Despite this outward self-confidence, Black had cause for concern. He was meeting resistance from unexpected quarters, including a leading spokesman for liberal reform: syndicated columnist Walter Lippmann. The committee, Lippmann wrote, was “becoming an engine of tyranny in which men are denied the elementary legal protection that a confirmed criminal caught red-handed in the act can still count upon.” Lippmann, who had impeccable civil liberties credentials, thought Black’s investigation resembled those led by right-wing “Red hunters” who “cared nothing whom they slandered.” Lippmann unsparingly challenged the senator’s motivations and abilities: Black, he declared, “is an enthusiast for investigations, but in the realm of justice he is an obvious illiterate.” He closed his column by calling for an investigation of the investigators.

The American Civil Liberties Union (ACLU) denounced the committee’s actions too. Black found it perplexing that he had to worry about his left flank, asking in a letter to a Kansas ACLU officer why a group claiming “to protect the masses of the people from loss of their economic and political liberty” had aligned itself with those who valued “property” over “human” rights. The ACLU renewed its campaign against the committee after news reports that the National Woman’s Party, led by equal rights crusader Alice Paul, was on the target list. The ACLU’s executive director, Roger Baldwin, wrote to Black asking why he was probing a group that had nothing to do with utility legislation. In his reply, Black evaded the question, claimed that the committee’s procedure did not depart from time-worn American traditions, and added, somewhat ominously, that he was “sure that upon mature consideration, you will wish to withdraw your request for information.”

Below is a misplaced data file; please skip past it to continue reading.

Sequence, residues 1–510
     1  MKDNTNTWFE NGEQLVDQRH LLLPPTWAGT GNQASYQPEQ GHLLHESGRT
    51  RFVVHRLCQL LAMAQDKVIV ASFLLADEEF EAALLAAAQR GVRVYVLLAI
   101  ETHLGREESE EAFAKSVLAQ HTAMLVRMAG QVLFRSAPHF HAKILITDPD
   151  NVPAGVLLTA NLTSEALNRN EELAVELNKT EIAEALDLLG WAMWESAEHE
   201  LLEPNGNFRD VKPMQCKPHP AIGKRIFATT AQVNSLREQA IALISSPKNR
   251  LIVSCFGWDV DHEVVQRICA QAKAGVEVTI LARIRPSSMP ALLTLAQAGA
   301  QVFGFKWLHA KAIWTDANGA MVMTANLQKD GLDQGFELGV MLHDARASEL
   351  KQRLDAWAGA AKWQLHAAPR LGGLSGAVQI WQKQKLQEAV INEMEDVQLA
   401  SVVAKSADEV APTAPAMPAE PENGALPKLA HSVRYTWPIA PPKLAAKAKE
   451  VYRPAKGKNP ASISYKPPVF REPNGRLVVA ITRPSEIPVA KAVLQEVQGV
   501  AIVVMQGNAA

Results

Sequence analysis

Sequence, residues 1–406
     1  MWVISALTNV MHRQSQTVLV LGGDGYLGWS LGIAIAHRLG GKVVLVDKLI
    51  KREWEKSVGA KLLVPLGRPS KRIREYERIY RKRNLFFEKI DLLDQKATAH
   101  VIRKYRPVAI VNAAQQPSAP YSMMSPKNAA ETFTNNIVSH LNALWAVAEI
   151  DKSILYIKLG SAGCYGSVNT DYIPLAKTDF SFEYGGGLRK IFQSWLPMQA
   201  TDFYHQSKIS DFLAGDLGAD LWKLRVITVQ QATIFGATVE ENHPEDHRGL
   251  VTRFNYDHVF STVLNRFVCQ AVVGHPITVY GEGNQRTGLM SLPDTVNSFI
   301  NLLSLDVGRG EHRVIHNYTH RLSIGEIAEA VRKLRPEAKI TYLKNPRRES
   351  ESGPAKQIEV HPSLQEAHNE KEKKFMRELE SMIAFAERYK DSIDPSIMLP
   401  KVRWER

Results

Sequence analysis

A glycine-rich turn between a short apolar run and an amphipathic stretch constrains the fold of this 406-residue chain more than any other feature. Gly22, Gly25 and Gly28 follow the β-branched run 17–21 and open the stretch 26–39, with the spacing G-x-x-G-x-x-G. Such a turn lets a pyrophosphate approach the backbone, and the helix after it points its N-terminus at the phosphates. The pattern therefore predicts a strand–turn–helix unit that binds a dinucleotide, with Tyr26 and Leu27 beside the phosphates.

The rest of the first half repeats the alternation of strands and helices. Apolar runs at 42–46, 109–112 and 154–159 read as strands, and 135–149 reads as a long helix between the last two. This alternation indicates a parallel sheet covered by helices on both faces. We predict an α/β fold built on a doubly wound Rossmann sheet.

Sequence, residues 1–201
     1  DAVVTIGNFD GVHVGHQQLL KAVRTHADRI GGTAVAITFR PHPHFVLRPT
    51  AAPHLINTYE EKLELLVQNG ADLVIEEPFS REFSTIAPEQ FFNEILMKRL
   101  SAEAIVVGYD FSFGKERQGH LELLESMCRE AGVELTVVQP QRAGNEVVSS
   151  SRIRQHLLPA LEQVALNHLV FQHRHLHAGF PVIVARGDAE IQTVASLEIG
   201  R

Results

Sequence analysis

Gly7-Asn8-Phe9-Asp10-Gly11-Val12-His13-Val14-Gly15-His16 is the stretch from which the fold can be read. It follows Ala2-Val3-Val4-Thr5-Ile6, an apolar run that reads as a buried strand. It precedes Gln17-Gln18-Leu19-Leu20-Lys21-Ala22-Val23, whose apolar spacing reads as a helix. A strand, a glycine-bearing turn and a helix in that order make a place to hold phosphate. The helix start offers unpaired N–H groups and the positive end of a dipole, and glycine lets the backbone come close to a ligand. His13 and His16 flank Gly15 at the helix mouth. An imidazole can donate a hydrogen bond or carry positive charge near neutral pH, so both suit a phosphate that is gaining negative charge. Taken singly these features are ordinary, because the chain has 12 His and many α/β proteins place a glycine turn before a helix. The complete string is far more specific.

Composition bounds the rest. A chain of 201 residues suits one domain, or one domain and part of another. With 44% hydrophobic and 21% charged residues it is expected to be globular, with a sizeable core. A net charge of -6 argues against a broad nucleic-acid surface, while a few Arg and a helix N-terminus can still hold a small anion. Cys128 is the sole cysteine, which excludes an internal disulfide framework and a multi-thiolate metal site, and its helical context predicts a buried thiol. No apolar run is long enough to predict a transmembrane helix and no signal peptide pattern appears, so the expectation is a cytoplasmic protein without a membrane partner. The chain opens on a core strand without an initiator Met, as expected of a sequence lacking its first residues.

In the face of mounting congressional opposition, and to fend off a possible injunction, the FCC announced that any telegrams it had seized were now “in the possession of the Special Committee of United States Senate.” Moreover, it did not intend any “further investigation or examination” of telegrams at Western Union. A Washington Post editorial attributed the commission’s decision to “public outcry against the OPGU methods followed by Senator Black’s investigators.” (The OPGU was the Soviet secret police.) Short of funds and under fire, Black had no choice but to end the “field investigation.” The FCC’s decision forced the Black Committee to retreat on future searches but also shielded it from direct legal sanctions.